Kolla Bolcha is a newer cooperative in the western region of Agaro, Ethiopia, and this is our first season making a selection from this washing station. In the cup we find deep red fruit of cherry and currant, honeydew, and ripe peach.
Hand picked at peak ripeness. Floated to further remove defects and depulped through delvas on the day of harvest. Soaked in fresh water for 12 hours. Dried on raised beds until the coffee reaches approximately 10% moisture content.
Kolla Bolcha is a newer cooperative located right next to the famed Biftu Gudina site. This is another example of how successful the TechnoServe project has been in western Ethiopia. Over the past decade we have seen the region go from only selling commodity coffees to producing some of the most prized and sought after coffees in the world—fetching premiums that were unheard of at the time. With the training and education invested into these co-ops, we now see some of the most pristinely grown and harvested coffees on the planet.
Ethiopia is widely acknowledged as where coffee originated, and its production continues to represent about 10% of the country’s gross domestic product. DNA testing has confirmed over 60 distinct varieties growing in Ethiopia, making it home to the most coffee biodiversity of any region in the world. Given the tradition of coffee production in Ethiopia and the political interworkings of the Ethiopian coffee trade, it is virtually impossible to get single variety coffee lots from Ethiopia. This is changing, albeit very slowly. Most Ethiopian coffees are blends of the many Ethiopian varieties, and referred to simply as 'Ethiopian Landrace'.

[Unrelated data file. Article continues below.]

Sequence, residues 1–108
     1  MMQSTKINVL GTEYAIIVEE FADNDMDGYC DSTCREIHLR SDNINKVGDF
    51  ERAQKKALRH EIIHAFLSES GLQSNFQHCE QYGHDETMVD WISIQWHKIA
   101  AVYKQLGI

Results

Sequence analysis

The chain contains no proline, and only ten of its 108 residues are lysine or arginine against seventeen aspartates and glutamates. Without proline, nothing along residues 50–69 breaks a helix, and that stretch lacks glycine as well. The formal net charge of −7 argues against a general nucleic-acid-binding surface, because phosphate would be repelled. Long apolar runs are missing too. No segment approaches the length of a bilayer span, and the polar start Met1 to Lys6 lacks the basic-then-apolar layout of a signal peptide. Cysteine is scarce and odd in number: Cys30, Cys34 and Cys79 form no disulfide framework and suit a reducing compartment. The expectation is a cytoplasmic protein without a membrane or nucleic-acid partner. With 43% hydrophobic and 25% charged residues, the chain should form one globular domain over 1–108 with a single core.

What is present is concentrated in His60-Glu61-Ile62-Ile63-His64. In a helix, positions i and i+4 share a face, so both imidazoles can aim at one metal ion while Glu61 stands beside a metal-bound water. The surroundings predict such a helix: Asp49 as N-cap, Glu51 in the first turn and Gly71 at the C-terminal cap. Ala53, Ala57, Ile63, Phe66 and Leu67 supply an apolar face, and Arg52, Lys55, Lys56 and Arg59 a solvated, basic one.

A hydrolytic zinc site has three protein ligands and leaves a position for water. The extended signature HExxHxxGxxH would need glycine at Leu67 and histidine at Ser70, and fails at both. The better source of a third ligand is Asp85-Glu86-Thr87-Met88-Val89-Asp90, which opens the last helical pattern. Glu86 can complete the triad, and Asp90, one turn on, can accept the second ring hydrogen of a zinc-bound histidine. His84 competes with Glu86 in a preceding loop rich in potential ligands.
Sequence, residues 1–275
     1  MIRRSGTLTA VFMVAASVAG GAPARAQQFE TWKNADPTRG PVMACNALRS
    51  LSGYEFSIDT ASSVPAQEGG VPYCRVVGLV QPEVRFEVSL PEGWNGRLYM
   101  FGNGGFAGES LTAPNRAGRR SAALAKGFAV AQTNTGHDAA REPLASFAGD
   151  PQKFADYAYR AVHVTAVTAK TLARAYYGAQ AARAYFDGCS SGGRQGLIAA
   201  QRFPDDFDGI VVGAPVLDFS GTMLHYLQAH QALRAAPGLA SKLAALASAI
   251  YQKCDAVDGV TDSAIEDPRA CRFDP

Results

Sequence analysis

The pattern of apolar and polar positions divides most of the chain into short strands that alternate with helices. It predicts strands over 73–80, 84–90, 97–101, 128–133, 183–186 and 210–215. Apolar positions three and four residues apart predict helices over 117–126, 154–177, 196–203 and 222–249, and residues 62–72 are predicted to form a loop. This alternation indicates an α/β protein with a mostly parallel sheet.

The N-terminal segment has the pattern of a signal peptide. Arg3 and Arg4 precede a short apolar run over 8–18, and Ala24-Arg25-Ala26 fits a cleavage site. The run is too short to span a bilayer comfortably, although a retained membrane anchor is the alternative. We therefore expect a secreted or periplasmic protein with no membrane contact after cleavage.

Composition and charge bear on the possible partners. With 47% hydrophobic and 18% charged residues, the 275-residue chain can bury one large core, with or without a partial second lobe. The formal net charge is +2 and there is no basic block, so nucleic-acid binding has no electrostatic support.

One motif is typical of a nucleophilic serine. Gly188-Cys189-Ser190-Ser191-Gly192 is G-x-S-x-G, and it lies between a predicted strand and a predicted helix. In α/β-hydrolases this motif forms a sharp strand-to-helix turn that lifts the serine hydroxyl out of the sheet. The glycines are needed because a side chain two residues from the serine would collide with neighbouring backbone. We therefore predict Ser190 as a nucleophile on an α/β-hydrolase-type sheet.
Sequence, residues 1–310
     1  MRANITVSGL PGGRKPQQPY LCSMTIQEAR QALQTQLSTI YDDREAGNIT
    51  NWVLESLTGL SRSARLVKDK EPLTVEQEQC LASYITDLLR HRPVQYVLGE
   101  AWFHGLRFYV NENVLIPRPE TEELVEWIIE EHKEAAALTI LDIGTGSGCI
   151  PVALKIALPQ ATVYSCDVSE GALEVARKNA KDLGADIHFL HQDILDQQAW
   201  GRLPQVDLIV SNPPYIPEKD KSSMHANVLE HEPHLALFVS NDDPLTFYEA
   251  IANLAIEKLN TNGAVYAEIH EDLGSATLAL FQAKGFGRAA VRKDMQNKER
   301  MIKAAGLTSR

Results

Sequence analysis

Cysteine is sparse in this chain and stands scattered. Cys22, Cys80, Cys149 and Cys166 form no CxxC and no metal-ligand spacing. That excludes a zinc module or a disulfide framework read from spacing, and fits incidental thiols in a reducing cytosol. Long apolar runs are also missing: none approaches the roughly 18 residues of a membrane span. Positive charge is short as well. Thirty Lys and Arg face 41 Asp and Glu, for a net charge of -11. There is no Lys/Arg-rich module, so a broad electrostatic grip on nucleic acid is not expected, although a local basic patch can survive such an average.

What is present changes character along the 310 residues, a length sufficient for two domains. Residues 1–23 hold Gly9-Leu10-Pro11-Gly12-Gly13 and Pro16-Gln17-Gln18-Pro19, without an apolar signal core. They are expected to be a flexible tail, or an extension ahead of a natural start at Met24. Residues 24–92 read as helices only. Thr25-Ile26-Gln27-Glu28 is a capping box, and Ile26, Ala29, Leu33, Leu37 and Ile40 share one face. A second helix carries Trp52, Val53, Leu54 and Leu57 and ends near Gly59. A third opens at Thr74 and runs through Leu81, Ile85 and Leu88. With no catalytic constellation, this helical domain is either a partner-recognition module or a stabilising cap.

The cost of getting a coffee from cherry to beverage varies enormously depending on its place of origin and the location of its consumption. The inclusion of price transparency is a starting point to inform broader conversation around the true costs of production and the sustainability of specialty coffee as a whole.